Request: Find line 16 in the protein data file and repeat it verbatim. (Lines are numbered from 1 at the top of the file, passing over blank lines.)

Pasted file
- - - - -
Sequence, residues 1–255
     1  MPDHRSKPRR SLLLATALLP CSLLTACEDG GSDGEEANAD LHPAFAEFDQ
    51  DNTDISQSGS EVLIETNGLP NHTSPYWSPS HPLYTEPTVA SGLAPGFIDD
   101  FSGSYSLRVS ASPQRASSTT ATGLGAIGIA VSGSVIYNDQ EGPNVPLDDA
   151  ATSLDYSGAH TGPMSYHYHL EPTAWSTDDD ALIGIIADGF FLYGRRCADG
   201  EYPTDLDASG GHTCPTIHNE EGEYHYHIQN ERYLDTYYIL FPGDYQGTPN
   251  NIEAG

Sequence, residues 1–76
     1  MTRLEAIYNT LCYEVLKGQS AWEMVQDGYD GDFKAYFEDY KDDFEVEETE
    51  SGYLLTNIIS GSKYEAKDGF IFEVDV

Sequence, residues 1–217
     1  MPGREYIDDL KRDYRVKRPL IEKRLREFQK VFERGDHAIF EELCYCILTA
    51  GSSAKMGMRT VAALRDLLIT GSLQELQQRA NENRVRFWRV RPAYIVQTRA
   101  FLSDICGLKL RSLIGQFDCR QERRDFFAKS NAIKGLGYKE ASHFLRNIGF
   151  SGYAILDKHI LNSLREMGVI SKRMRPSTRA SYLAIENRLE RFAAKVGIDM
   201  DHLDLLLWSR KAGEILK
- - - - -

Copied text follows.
   201  DHLDLLLWSR KAGEILK